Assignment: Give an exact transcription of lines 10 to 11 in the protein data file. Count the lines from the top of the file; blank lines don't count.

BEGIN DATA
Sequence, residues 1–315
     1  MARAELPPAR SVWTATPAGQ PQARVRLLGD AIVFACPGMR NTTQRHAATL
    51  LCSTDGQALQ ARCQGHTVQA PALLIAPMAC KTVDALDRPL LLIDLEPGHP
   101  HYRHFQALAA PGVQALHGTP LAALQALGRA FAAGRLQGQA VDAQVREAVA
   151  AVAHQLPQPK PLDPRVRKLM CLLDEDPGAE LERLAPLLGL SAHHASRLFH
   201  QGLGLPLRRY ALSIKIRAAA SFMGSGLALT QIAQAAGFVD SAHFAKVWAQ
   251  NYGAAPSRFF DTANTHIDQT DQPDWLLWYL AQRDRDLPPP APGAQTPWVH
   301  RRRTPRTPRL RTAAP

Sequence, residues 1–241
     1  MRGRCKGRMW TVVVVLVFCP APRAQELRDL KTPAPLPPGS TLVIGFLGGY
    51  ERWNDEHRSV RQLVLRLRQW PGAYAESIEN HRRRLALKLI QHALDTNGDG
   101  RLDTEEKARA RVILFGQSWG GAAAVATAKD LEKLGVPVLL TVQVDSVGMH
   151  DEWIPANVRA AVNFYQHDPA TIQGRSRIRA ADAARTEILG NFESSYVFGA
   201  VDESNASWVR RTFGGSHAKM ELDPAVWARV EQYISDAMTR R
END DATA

     1  MRGRCKGRMW TVVVVLVFCP APRAQELRDL KTPAPLPPGS TLVIGFLGGY
    51  ERWNDEHRSV RQLVLRLRQW PGAYAESIEN HRRRLALKLI QHALDTNGDG